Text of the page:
The BEST book I have ever read. An amazing, overwhelmingly emotional and masterful story of a young man's impoverished, hard and oppressive life. Tracking the author's life from the age of 2 to 17, memoirist and Pulitzer-Prize winning Frank McCourt brings us directly into this world, face-to-face with the dirt, the poverty and the struggle of a family trying to survive. What's so stunning about this book is not that the author survived such a traumatic upbringing to actually tell his tale, but that he remembers and relates the episodes of his childhood from the perspective of a child. So even though we "hear" the adults bitching and moaning about their lots in life, and see McCourt's drunken father as he drinks away the family's food money, we "live" the experiences through the wonder and magic and innocence of a boy who knows pain but also the simple joys of living.

One minute the book brings you to the verge of tears -- the next, you're laughing out loud from McCourt's playful, marvelously funny prose. If you've only seen the movie (which I haven't, but hear is terrible), don't hold it against the book. My favorite book and one I recommend to everyone who cares to listen.


A little gem of a book, revolving around love not only of the written word, but of the compact, paper-bound package that it comes in. Written by Carlos Maria Dominguez in Spanish and translated into English, the tale explores the various stages of love, obsession, mystery and heartbreak that accompany a life devoted to the collection of books.

The first-person narrator's academic colleague and part-time lover has been tragically run over by a car while carrying a book of Emily Dickinson poems, an event that triggers an odyssey of sorts and leads the narrator and reader both into a world of literary delight and compulsion.

A short but sweet ride, from a writer who obviously holds a lot of appreciation for the lives of novel readers, as well as a bit of ambivalence concerning the acquisition and collection that goes into creating the abundant personal libraries so many of us have in our homes. The care and feeding of these physical housings of imagination and knowledge tread the fine line, Dominguez posits, between respectful, loving adoration and obsessive compulsion. There are also a number of really interesting, evocative drawings by Peter Sis that accompany the text and adorn the front and back cover of this book about dreams and nightmares.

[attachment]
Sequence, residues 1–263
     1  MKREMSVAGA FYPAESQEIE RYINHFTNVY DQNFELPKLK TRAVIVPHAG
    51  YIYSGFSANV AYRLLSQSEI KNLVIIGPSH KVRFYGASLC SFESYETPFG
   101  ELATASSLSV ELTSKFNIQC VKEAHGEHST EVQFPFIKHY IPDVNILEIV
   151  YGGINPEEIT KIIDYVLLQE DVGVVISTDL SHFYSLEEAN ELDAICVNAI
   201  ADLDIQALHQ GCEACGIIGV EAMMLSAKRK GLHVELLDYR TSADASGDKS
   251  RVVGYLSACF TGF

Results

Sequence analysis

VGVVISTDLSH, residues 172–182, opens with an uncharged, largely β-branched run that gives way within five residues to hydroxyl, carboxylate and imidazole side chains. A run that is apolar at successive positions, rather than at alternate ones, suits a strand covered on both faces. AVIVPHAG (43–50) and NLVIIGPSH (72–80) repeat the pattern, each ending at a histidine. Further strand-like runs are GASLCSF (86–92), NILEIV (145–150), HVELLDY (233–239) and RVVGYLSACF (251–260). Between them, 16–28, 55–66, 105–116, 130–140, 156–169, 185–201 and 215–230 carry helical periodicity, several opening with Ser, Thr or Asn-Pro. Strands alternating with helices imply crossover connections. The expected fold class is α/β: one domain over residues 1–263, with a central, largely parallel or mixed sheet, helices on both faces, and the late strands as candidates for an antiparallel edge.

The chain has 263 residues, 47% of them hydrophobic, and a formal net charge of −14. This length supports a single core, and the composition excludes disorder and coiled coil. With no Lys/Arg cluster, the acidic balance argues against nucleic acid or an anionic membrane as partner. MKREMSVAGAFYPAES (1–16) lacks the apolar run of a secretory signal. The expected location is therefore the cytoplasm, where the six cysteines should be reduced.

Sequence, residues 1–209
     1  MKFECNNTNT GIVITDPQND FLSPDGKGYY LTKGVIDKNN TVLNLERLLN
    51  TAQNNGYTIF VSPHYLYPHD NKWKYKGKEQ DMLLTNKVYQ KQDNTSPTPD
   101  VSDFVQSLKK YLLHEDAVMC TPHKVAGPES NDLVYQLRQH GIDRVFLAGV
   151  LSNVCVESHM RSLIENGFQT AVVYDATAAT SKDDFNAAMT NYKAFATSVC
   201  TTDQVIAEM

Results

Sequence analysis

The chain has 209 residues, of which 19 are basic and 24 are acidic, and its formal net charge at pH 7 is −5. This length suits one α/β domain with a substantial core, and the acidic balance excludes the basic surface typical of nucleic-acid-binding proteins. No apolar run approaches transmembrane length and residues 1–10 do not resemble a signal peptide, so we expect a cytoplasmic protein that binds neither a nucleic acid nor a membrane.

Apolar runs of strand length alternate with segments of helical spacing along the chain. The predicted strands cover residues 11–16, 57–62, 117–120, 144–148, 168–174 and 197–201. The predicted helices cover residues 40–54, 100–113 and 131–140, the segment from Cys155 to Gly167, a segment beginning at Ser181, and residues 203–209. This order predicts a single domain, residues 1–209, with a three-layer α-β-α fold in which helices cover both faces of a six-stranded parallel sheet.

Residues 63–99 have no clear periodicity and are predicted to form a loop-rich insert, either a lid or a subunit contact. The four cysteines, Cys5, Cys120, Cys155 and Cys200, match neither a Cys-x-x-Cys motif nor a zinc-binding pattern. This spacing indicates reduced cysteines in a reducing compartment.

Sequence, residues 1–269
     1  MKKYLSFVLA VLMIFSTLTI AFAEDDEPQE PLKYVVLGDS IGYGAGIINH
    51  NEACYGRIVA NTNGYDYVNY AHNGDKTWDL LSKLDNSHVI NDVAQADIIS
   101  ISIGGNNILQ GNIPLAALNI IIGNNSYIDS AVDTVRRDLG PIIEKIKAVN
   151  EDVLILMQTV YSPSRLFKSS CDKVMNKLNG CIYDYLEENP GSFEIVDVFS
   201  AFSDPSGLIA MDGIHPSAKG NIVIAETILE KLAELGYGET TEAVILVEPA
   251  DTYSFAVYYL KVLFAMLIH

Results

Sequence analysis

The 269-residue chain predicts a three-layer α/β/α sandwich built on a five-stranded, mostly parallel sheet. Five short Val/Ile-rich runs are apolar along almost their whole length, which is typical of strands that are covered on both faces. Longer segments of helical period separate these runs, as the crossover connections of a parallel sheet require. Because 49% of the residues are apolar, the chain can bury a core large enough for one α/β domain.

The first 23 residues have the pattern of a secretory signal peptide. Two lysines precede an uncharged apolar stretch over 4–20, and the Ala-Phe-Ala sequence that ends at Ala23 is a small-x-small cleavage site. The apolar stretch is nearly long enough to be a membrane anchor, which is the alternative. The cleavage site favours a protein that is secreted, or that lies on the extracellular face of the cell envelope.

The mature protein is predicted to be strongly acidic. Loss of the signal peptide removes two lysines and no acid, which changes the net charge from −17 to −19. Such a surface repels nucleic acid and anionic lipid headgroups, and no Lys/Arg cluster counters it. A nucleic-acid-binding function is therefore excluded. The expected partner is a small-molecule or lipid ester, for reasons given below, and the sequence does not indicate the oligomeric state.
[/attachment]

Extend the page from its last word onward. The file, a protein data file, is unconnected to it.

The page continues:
Tuesday, April 22, 2008

Postcards and Corduroy

My favorite simile of the day, this one from Junot Diaz' new novel, THE BRIEF WONDROUS LIFE OF OSCAR WAO:

"For Oscar, high school was the equivalent of a medieval spectacle, like being put in the stocks and forced to endure the peltings and outrages of a mob of deranged half-wits..."

Since the tone (so far that I've read) of Diaz' novel is comic, I figured I'd post a couple of reviews of books I found particularly amusing, even outright fall-on-my-face funny. Both reviews are from books I read in 2004 and painstakingly re-created here for your own amusement.


Another terrific slew of non-fiction essays by Mr. NPR himself, David Sedaris. Unlike his last book, "Me Talk Pretty One Day" -- which only spent half the book on his family (the other half on Paris and his boyfriend Hugh) -- this one is almost all about the Sedaris family, from Mom & Pop to Paul, Amy, Lisa, Gretchen and Tiffany. Culled from his contributions to Esquire, GQ, The New Yorker and "This American Life," the collection of 22 essays is a quick, satisfying read.

The first two pieces, "Us & Them" & "Let It Snow" get the raucous laughter flowing immediately. "Full House" is pervy but fun, reminding me a bit of A.M. Homes's style of writing and subject matter. "Slumus Lordicus" & "The Girl Next Door" are both serious departures for the writer, and they both strike a somber, unforgettable note. "The End of the Affair" is a sweet little morsel of a tale about Hugh & David seeing the Neil Jordan film in Paris.

A few of the siblings get starring roles in a few of the stories, all of which are very fun and tell us a lot about why Sedaris possesses that particular temperament and twisted sense of humor -- Lisa in "Repeat After Me"; Paul in 2 stories, "Rooster at the Hitchin' Post" & "Baby Einstein"; and his completely wacked out younger sister Tiffany in "Put a Lid On It."

A definite recommend and a summer fave.


Carrie Fisher's first novel is a fun, quick read, full of the actress's trademark wit, charm and bluster. The story of Suzanne Vale, a thinly "veiled" (Valed?) version of Fisher herself, starts in a rehab facility, shortly after she's had her stomach pumped. Journal entries tell her tale, then share space with Alex's "running monologue in his head" -- a TV writer with a bad cocaine habit who finally goes over the edge one night doing coke, ecstasy AND heroin. His portion of the book is manic, frantic and fall-down funny. Once Vale gets out of the center, the narrative shifts to a strictly dialogue section, as Suzanne gets involved with a Hollywood producer and sex-addict who can't find time for commitment, only sex and movies.

The last shift in narration comes as Suzanne starts fiming a "B" action/comedy flick, and the story of her life is told in third-person. Here the dialogue starts to feel too "clever" and "glib," but the emotional resonancy climbs up a notch and the book sails through to a satisfying ending. Not as brilliant as her second book, "Surrender The Pink" (one of my favorite books), but well worth the time.